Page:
Nuclear anything must be be opposed strongly and unequivocally

letter to the editor
Willow Yang/File

Your editorial in the Aug. 9 edition discussed the horrors of nuclear weapons and UC Berkeley’s role in designing them. It called for the university to remember and acknowledge its role in the production of these immoral and awful weapons. It was a rather weak editorial, and made no comment on the destruction of life on Earth that nuclear weapons could cause — but it was, nevertheless, leaning in the right direction.

Unfortunately, you then printed two pro-nuke op-eds disguised as advocacy for the existence of oxymoronic “peaceful” nukes. Nuclear anything should be opposed strongly and unequivocally, including nuclear power and nuclear medicine.

There are a series of other facts that must be acknowledged in conversations regarding nuclear development.

— In order to have anything nuclear, uranium must be mined. This mining kills native plants and the animals that depend on them, and it often destroys habitats — sometimes entire ecosystems.

— It is also important to note that there is no safe level of ionizing radiation, and any additional radioactivity is harmful to the environment. The mining of uranium adds ionizing radiation to the surface of the Earth and to its atmosphere, as does any further use of uranium, such as nuclear power.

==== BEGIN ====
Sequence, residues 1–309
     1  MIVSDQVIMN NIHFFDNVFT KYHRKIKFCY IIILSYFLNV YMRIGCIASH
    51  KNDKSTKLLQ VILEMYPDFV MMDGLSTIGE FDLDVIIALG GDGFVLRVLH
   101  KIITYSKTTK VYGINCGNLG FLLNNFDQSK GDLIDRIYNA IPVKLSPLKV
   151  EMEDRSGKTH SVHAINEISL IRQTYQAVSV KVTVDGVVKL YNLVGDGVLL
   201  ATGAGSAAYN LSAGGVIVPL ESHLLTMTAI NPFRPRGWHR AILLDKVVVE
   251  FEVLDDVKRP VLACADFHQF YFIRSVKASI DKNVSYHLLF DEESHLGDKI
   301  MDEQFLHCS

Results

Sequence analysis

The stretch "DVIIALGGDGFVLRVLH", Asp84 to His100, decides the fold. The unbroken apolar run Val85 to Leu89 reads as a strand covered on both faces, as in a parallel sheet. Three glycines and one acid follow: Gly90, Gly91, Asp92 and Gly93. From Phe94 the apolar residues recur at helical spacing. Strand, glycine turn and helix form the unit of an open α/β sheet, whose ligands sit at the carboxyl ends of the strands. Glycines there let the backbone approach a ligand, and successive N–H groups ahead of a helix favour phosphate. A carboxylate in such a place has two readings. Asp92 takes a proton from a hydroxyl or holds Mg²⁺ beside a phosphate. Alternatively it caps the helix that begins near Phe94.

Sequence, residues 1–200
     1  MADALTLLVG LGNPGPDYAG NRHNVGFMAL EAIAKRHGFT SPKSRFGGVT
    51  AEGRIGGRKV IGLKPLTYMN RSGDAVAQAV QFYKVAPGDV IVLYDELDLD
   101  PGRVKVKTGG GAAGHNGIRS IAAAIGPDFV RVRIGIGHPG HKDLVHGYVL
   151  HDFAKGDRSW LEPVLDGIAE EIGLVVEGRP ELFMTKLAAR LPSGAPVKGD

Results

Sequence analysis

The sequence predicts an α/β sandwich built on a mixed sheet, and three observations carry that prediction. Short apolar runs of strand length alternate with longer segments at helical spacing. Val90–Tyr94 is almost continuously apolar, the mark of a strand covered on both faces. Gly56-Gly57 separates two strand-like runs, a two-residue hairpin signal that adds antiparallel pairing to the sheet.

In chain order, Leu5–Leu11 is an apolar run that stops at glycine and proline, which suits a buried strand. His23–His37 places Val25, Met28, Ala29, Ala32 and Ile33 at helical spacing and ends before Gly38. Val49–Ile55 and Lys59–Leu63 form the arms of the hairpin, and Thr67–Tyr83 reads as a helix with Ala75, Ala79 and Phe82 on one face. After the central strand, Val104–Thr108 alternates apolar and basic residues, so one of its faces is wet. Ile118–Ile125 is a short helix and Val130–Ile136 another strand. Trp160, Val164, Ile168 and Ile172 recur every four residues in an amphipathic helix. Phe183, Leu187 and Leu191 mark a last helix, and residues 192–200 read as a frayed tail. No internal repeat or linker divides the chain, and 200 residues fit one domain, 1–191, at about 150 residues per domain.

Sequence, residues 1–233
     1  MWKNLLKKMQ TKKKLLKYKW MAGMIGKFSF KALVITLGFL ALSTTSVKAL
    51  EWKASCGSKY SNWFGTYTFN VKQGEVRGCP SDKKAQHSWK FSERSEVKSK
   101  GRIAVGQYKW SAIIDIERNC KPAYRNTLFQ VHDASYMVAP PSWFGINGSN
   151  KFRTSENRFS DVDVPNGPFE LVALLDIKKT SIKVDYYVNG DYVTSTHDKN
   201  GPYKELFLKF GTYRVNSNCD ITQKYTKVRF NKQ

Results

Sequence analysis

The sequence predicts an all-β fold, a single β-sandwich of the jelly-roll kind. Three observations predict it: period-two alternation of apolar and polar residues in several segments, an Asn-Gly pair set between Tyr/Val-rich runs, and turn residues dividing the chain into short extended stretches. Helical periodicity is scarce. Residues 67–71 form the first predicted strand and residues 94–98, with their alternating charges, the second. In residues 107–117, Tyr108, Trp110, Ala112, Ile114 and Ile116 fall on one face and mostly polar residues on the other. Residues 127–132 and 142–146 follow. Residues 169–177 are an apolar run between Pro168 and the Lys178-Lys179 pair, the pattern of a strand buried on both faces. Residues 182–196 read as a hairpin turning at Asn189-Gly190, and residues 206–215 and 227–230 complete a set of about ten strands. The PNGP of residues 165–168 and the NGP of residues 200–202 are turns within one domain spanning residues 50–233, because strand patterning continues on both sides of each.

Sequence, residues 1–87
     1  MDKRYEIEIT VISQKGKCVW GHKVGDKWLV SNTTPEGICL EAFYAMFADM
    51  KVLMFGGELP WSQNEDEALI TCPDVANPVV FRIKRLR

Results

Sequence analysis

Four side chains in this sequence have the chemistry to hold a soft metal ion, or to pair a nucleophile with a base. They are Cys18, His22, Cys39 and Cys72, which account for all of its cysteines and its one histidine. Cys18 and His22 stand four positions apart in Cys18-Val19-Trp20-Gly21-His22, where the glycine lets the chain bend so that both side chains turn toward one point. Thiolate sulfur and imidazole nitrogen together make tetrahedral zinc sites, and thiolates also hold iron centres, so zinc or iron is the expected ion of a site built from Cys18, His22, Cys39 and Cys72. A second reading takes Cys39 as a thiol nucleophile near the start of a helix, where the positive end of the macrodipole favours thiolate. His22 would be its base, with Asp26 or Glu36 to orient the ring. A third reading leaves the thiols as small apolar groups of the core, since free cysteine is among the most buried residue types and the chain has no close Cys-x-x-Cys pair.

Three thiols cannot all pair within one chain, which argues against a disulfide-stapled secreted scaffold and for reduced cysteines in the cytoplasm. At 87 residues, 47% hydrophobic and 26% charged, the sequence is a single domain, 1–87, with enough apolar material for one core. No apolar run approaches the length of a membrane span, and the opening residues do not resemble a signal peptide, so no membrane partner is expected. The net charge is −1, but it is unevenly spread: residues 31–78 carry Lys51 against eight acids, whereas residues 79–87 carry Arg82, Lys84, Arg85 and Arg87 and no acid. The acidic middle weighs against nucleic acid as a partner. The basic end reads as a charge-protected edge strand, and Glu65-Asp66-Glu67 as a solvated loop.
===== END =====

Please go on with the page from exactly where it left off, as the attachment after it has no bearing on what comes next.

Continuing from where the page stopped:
— Most uranium mining worldwide is on indigenous land. It is therefore often indigenous populations who suffer the most from the mining of uranium, as their lands are destroyed and they are exposed to radioactivity, which can result in cancer as well as other illnesses.

— Once uranium is mined and used in any way, nuclear waste is created. There is no long-term safe or adequate way to store this waste, which can last for thousands of years.

As to some complaints about specific statements made in the pro-nuke op-eds:

Andrew Greenop clearly doesn’t know the true history of Berkeley’s nuclear-free ordinance. Greenop complains that because of the ordinance, Berkeley is restricted or prohibited from doing business with companies that are involved with nuclear weapons, even if that business itself is non-nuclear. This totally misses the point. If a company is involved in nuclear weapons, we don’t want our city doing any business with it, period. It doesn’t matter what kind of green-washing business the company wants to do with Berkeley.

Peter Hosemann is a professor of nuclear engineering, so one would expect this type of pro-nuclear op-ed from him. I suggest you publish a full rebuttal by Dr. Helen Caldicott, the foremost authority on the harms caused by uranium mining and all that follows it.

Anyone who supports nuclear anything should have to work in a uranium mine and live with nuclear waste. If you want the benefits, it’s only fair that you face the consequences.

Jeff Hoffman is an environmentalist and former environmental activist and attorney who lives in Berkeley.